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In her own words, Brooklyn-based artist Anna Sperber describes her newest work, premiering tonight and tomorrow night at New York Live Arts as part of the Joyce UNLEASHED series, like this:

“In the world premiere of Prize, a wild, natural and driving kinetic power emerges. The dancers are navigating a psychologically viscous space within, outside, and between one another.
The force of the piece contracts and expands from a centrifugal group power and from solos that emerge from these highly organized crystalline formations.  In each solo, the dancer’s distinct approach to energy resonates as a powerful statement; some assertion of self – as though the dancer left a small trace of him or herself behind in the space.  At times with a startling and singular quietness and focus, while others are wild and unhinged with an essential agitation that bubbles beneath the surface of the work, and exploding it in a moment of fracture.”

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{ DIYdancer }: An earlier statement I read about Prize said it would explore “the delicate line between certainty and uncertainty.” Is that still true, and if so, how do you prepare to be uncertain?

Anna Sperber: I actually wrote that sentence before I began rehearsals for the piece. But my process is very intuitive and I always enter making a work with a certain level of clarity about what I am interested in moving towards, along with a good deal of uncertainty.  In Prize, I am interested in the frontier between what you think is you and what you think is not you, the meeting place of what you desire from the world and what the world desires from you, or perhaps what it confronts you with. I think that the most powerful experience as a dancer, and as a viewer, happens when the act of dancing is approached in this frontier place between intention and attention.  I also allow myself to be influenced and inspired  by the dancers in the room. With this piece, four out of six of the dancers were new to me.

{ Dd }: Did you know anything about the other choreographers before being programmed together?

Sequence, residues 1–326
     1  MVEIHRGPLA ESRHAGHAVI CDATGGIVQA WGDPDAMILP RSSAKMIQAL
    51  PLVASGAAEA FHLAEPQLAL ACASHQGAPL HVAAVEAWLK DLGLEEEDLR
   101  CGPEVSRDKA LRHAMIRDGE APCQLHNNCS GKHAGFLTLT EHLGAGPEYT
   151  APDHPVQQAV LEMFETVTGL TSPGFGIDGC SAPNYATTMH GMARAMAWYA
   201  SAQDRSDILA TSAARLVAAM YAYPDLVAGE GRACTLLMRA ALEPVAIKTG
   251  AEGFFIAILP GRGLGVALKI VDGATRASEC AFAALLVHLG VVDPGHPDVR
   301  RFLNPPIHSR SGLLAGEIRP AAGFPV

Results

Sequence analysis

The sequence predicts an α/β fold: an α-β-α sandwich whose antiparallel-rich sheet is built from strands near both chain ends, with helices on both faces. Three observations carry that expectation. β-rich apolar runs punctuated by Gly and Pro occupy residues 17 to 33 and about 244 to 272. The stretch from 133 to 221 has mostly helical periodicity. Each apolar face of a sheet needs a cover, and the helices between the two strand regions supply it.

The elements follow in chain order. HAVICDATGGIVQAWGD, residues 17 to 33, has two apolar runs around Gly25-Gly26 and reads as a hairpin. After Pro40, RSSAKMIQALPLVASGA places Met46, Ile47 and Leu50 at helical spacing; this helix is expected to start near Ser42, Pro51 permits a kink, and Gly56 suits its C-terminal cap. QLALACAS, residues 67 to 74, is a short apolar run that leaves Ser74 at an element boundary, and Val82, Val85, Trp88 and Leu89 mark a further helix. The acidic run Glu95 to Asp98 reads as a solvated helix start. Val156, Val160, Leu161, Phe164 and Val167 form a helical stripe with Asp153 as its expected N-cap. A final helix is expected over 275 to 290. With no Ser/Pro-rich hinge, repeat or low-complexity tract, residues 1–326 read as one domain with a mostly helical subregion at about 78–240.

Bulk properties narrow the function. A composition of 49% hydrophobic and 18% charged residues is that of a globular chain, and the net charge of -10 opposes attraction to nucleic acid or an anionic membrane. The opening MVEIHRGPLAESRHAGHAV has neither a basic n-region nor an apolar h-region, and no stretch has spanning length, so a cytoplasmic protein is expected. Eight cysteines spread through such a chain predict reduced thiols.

AS: Vanessa is a friend and colleague I have made through dancing and making work in NYC. I wasn’t familiar with Elina’s work before this festival.

{ Dd }: How do you feel about being part of a festival where all the experimental artists that were chosen are women?

AS: I am happy to be a part of a festival where all the experimental artists chosen are women.  But the fact that it is all women isn’t something that should strike anyone as noteworthy as there are so many more women in the field than men. So it is only natural that there would be more women’s work being presented.

{ Dd }:  Does it seem like the playing field of opportunity is being leveled?

AS: I wouldn’t say that, it doesn’t seem like the playing field in terms of this issue is being leveled.  It seems to me that in relationship to the smaller percentage of men in the field, that the percentage of men whose work gets supported and whose careers get attention is still disproportionately larger than that of women. This is really a large, important topic that requires a longer, nuanced conversation to address fully.

{ Dd }: And we hope to be able to have that conversation with you once your shows conclude!

In meantime, click here for tickets for Prize.
New York Live Arts, 6/3-6/4 at 7 p.m., 6/4 at 9 p.m.

Written by Candice Thompson

After more than a decade in Brooklyn, Candice Thompson is now an Atlanta-based artist and writer. Prior to dancing with the Milwaukee Ballet Company and ad hoc Ballet, she trained with Kee Juan Han at the School of Ballet Arizona and NYU’s Tisch School of the Arts. She founded LOLAstretch Dancewear in 2000 and has designed costumes for a variety of theater and dance companies across the country. She recently received a masters degree in Literary Nonfiction from Columbia University’s Creative Writing Program and more of her dance writing can be found in the pages of Dance Magazine, Pointe, and Dance Teacher.